This expression was apparently first used by Mark Twain, who attributed it to Benjamin Disraeli, the 19th century British Prime Minister. To quote Mark Twain: “Facts are stubborn things, but statistics are pliable.”

These are appropriate quotes today, where suspicion abounds about the “accuracy” of government statistics. While Chinese statistics are often considered the most pliable, it appears that no country is immune to a little tweaking of the data for political purposes.

To take one example that always seems to be controversial; the US Consumer Price Index. The current official CPI is around 1.5%, yet some commentators consider that it is much higher. This is because the data that are used to calculate the CPI are “heuristically adjusted”. To many, a heuristic adjustment is little more than an educated guess, biased to favour desired political outcomes.

For example, the CPI adjusts the price component of a television downwards to reflect the fact that the modern television is so much better than one from 20 years ago.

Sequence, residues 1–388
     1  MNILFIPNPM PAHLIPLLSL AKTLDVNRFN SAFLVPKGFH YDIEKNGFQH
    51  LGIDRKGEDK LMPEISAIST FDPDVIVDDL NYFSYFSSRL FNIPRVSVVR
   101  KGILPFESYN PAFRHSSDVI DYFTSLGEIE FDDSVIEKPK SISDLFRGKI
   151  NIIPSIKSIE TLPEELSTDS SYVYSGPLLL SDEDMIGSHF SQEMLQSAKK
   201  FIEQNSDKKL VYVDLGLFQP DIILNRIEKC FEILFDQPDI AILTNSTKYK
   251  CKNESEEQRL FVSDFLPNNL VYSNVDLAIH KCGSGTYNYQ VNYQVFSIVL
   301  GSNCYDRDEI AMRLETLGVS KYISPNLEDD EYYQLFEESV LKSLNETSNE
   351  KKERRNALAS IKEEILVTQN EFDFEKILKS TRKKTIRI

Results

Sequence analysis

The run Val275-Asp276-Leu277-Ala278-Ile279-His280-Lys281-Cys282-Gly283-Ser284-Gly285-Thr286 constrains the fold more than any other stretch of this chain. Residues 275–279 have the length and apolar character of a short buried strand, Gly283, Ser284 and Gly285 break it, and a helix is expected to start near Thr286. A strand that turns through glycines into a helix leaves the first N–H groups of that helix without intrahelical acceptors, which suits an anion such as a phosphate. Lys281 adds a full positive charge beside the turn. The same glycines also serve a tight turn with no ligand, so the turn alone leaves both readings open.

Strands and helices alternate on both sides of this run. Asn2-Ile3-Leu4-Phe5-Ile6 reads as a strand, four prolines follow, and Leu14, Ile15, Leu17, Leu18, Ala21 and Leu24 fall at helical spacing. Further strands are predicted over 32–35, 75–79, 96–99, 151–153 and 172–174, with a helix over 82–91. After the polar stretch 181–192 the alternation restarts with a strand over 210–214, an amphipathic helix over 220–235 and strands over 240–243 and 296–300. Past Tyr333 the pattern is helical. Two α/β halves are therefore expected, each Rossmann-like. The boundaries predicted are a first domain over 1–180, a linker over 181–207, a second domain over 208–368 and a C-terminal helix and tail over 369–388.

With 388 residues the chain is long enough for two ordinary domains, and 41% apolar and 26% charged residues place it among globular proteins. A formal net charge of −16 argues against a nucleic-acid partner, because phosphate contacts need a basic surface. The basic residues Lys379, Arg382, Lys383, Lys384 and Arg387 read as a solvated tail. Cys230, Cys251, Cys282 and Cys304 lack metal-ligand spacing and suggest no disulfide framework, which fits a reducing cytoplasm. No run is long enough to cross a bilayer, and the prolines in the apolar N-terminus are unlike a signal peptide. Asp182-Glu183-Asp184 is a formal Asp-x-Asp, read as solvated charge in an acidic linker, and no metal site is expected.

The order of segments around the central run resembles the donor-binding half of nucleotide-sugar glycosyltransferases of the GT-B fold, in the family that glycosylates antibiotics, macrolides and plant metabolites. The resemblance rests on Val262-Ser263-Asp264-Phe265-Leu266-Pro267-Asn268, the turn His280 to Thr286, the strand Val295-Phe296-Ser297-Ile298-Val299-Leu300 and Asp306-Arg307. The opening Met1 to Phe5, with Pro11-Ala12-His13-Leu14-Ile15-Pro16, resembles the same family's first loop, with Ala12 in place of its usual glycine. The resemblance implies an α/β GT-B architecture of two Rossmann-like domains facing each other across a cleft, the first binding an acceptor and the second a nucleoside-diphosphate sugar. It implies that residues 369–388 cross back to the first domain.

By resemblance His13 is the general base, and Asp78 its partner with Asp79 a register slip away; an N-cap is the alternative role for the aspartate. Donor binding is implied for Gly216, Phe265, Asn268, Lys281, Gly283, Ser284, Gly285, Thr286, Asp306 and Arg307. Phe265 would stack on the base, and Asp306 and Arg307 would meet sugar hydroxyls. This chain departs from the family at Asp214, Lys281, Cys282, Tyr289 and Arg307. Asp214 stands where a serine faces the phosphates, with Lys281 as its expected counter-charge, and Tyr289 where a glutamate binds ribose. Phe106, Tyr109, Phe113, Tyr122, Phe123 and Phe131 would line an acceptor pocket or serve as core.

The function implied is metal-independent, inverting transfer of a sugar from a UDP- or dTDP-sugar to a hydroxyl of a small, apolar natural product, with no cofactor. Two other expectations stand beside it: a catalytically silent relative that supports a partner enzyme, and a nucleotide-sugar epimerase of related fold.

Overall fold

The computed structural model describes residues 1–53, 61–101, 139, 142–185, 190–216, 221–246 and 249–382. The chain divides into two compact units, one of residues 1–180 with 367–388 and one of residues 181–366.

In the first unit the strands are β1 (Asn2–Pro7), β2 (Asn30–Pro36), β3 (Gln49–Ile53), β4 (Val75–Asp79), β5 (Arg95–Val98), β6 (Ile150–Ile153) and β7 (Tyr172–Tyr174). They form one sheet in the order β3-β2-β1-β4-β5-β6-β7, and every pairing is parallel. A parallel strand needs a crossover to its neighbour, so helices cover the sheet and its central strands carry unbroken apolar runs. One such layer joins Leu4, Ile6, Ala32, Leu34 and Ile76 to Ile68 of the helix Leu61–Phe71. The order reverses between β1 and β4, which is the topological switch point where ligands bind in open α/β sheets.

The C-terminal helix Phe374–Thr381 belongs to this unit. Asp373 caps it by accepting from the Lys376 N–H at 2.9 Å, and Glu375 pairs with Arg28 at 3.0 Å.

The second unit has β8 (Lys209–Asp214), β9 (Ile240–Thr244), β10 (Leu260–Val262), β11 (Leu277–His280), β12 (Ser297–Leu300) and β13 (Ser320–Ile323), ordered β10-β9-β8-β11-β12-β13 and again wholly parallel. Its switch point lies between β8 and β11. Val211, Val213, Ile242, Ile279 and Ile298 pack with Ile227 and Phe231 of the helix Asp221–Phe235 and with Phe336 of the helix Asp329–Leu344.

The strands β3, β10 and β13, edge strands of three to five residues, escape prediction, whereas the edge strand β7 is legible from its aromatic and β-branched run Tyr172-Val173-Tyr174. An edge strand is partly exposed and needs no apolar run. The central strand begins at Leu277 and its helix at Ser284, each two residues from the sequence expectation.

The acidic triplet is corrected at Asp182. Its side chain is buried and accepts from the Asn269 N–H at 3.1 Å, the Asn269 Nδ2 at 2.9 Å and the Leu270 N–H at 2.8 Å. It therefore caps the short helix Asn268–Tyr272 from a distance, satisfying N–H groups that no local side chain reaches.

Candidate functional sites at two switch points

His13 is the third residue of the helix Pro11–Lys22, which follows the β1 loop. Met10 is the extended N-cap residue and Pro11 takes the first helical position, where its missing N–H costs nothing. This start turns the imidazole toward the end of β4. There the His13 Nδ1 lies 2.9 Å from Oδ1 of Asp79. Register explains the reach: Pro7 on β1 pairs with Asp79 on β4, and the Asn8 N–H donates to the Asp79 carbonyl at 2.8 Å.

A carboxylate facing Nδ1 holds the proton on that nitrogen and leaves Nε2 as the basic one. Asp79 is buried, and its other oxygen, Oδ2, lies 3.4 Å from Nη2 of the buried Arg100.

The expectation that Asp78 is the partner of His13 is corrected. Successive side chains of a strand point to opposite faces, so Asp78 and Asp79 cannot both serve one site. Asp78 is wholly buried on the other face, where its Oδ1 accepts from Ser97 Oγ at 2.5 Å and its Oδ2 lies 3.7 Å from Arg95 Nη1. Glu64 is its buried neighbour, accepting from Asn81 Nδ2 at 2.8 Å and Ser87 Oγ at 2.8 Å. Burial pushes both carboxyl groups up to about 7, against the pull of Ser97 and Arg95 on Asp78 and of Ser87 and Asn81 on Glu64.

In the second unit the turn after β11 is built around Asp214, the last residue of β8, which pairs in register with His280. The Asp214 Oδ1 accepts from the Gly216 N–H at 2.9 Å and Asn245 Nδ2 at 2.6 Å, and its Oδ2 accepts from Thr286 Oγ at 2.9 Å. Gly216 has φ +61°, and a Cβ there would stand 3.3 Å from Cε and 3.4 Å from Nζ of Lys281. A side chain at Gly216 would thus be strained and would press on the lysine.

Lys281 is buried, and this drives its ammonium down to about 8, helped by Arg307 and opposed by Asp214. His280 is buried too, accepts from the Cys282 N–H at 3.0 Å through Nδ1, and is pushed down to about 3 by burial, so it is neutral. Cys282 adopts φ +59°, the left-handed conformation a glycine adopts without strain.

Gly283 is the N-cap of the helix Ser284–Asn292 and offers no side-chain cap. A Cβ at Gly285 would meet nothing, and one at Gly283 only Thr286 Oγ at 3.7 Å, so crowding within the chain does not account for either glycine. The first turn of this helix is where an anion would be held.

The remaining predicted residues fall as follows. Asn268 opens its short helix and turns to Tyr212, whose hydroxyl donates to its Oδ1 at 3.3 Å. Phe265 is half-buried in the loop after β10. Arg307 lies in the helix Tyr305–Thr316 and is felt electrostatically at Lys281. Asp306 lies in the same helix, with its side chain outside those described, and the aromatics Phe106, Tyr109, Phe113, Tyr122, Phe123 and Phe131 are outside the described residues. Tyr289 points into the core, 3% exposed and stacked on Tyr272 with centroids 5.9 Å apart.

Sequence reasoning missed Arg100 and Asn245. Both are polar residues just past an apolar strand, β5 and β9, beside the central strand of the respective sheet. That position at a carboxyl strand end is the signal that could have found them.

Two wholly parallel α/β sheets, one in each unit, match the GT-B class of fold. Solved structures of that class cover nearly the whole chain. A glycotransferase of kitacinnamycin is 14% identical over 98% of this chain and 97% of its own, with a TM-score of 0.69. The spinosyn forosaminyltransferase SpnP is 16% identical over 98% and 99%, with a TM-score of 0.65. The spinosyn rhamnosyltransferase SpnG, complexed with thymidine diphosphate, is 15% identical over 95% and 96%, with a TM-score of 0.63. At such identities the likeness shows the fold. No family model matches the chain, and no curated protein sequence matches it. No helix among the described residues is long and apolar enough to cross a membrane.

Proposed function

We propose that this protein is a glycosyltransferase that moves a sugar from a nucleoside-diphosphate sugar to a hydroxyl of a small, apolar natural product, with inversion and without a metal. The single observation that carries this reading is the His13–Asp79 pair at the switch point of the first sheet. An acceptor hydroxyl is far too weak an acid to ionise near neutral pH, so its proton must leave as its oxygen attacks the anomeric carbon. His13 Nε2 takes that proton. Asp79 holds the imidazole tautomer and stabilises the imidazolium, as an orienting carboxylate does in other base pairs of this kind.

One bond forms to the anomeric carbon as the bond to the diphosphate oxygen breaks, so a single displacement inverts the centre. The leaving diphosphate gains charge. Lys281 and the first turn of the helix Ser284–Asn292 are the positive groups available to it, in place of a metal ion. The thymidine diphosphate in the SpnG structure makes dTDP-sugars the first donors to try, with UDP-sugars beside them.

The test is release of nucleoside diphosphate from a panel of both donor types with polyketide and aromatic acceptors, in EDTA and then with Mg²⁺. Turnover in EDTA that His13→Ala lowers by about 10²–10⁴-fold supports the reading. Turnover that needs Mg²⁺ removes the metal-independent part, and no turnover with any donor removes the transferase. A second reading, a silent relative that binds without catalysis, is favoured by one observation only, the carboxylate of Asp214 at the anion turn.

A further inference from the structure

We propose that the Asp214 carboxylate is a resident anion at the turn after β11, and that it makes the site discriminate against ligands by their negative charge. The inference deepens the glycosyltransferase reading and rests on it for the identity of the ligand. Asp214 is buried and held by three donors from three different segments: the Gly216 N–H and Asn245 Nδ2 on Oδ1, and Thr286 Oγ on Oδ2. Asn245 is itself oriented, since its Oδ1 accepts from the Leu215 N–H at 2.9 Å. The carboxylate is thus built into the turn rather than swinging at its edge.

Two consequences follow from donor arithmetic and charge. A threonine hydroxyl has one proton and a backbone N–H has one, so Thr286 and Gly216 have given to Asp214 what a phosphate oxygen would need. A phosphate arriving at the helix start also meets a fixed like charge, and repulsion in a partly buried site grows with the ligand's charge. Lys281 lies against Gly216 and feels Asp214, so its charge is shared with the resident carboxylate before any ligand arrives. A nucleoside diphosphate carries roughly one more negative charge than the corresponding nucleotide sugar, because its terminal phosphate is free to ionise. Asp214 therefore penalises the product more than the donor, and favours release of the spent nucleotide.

John Williams of Shadow Government Statistics thinks otherwise. The chart below shows his take on the CPI (inflation). His site is worth a visit but be aware that he is very controversial.



Last Word

In The General Theory of Employment, Interest and Money, John Maynard Keynes said:

“The fact that two incommensurable collections of miscellaneous objects cannot in themselves provide the material for a quantitative analysis need not, of course, prevent us from making approximate statistical comparisons, depending upon some broad element of judgement rather than of strict calculation, which may possess significance and validity within certain limits.”

Sounds suspiciously as though government statistics are a little like guesswork…